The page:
Leiomyoma of prostate are rare benign neoplasms that are usually diagnosed incidentally through postoperative pathological examination. A 70-year-old man is presented with severe symptoms of lower urinary tract obstruction. Although a digital rectal examination and the prostate-specific antigen level did not suggest malignancy, transrectal ultrasonography showed an unusual homogenous echoic mass measuring 45×37 mm in size in the prostate. A needle biopsy was performed and pathological diagnosis was prostatic leiomyoma. Holmium laser enucleation of prostate (HoLEP) was chosen and performed to resect the tumour. Although the enucleation step presented no problems, the morcellation procedure using a conventional transurethral mechanical morcellator was very difficult owing to the firmness of the tissue. By using a bipolar erectrosurgical loop, fragmentation and removal of tissue was accomplished. This is the first case reported of these rare neoplasms in which HoLEP was offered as a less invasive surgical approach. We emphasise the firmness of the leiomyomatous tissue, which would lead to morcellation failure. PMID:23966460

  4. Novice performance of ultrasound-guided needle advancement: standard 38-mm transducer vs 25-mm hockey stick transducer.

    PubMed

    Davies, T; Townsley, P; Jlala, H; Dowling, M; Bedforth, N; Hardman, J G; McCahon, R A

    2012-08-01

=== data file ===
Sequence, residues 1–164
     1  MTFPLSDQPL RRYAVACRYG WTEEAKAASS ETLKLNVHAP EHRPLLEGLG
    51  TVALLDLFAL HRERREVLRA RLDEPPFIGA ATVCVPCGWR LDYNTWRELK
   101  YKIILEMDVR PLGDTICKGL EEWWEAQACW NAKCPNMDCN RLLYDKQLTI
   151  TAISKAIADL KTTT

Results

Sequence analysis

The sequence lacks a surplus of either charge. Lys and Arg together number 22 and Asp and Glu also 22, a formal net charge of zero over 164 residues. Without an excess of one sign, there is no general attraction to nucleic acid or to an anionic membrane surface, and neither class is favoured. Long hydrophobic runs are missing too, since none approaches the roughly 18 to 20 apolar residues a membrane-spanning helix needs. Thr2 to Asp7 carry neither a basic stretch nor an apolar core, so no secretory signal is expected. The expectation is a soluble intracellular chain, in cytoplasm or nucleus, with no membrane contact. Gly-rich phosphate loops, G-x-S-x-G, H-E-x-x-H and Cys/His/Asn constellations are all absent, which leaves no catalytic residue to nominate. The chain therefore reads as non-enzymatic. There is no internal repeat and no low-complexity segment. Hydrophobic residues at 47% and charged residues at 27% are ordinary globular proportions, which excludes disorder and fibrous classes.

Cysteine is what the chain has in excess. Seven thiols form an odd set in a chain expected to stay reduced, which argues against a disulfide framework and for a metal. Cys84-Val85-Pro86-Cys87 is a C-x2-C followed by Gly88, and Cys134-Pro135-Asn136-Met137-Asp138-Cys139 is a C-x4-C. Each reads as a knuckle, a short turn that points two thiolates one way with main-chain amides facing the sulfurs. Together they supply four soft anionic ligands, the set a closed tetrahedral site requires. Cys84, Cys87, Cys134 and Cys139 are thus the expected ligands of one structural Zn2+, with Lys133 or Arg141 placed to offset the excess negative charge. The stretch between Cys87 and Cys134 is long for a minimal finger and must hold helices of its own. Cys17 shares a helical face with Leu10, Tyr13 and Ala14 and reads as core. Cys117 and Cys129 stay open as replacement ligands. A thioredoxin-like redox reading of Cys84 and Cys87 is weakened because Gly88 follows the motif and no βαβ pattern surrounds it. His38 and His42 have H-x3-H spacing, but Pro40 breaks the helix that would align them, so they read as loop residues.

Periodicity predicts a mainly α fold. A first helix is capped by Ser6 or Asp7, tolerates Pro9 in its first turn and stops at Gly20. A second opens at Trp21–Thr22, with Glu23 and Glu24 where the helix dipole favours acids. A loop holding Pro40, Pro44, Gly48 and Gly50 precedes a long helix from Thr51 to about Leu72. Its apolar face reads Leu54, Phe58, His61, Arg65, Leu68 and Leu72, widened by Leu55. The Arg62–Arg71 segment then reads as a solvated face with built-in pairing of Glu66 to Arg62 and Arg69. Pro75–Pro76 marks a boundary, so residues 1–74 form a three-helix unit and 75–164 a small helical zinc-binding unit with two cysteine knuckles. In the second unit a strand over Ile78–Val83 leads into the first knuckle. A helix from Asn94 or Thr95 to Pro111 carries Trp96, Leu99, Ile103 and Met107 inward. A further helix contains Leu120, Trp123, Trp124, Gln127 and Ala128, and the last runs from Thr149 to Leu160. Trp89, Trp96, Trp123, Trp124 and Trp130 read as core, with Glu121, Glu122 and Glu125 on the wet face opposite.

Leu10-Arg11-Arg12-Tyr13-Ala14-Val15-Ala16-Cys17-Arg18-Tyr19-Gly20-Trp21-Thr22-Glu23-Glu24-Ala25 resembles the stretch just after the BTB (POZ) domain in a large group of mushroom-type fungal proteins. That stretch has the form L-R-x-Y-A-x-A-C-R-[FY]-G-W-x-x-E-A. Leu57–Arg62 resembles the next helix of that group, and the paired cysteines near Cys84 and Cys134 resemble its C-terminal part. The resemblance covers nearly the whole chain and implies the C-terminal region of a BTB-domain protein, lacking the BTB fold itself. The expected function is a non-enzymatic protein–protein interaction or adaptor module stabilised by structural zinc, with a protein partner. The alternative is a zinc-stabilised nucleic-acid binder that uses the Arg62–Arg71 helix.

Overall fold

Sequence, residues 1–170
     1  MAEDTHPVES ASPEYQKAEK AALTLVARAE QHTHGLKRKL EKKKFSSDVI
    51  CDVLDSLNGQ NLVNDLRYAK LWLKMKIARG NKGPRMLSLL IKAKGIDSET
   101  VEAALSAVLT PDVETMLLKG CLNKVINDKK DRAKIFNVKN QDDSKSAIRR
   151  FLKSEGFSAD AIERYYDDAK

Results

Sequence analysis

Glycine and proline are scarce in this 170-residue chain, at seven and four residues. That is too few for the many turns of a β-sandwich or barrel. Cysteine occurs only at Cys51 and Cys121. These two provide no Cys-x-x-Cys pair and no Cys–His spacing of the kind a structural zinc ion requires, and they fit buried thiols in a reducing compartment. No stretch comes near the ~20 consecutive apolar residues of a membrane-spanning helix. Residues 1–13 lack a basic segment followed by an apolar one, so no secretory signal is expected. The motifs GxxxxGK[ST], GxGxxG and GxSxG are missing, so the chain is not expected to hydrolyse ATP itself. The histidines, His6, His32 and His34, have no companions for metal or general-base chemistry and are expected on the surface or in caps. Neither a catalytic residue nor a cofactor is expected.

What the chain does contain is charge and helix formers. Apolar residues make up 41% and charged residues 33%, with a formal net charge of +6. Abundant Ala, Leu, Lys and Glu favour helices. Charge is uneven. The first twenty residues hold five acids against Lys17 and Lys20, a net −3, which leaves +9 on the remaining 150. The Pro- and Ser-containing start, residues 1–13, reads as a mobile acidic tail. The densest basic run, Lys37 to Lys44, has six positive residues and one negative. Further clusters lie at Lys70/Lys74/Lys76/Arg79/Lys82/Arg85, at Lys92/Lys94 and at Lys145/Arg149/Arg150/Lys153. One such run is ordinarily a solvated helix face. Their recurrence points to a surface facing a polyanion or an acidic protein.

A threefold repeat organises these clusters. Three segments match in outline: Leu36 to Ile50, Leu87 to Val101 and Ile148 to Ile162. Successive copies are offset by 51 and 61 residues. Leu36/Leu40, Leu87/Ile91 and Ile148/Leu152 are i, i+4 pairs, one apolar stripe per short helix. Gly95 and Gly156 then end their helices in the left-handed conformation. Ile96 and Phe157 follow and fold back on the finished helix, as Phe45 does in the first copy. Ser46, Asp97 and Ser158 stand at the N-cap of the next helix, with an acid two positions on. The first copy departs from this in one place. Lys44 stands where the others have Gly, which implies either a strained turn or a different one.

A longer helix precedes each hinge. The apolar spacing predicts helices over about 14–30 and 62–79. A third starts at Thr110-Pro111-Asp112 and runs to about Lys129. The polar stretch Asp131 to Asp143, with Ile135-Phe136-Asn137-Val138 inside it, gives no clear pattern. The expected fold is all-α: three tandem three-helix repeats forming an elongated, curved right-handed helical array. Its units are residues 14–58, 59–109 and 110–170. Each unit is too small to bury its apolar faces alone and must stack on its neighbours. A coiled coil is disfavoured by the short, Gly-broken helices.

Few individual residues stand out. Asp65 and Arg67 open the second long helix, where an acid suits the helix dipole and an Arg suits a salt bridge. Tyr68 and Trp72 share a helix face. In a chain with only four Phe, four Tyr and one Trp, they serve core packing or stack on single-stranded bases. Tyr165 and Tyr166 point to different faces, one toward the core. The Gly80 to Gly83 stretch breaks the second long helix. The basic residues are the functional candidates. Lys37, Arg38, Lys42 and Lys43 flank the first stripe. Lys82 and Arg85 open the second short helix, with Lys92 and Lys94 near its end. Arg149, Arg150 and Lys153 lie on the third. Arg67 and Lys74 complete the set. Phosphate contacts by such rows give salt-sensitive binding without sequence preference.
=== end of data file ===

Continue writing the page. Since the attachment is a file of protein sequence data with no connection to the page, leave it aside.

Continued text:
The optimal method to develop expertise in ultrasound-guided regional anaesthesia is unknown. Studies of laryngoscopic expertise in novices demonstrate that the choice of laryngoscope affects performance. In this study, we aimed to compare the effect of two different linear array transducers (38-mm standard vs 25-mm hockey stick) on novice performance of ultrasound-guided needle advancement. Following randomisation, participants watched a video model of expert performance of ultrasound-guided needle advancement. Recruits performed the modelled task on a turkey breast model. The median (IQR [range]) composite error score was statistically significantly larger for participants in the hockey stick transducer group compared with the standard transducer group; 10.0 (7.3-14.3 [2.5-29.0]) vs 7.5 (4.5-10.0 [2.0-28.0]) respectively, (p = 0.01). This study has demonstrated that performance of ultrasound-guided needle advancement by novice operators after simple video instruction is better (as assessed using a composite error score) with a standard 38-mm transducer than with a 25-mm hockey stick transducer. PMID:22506607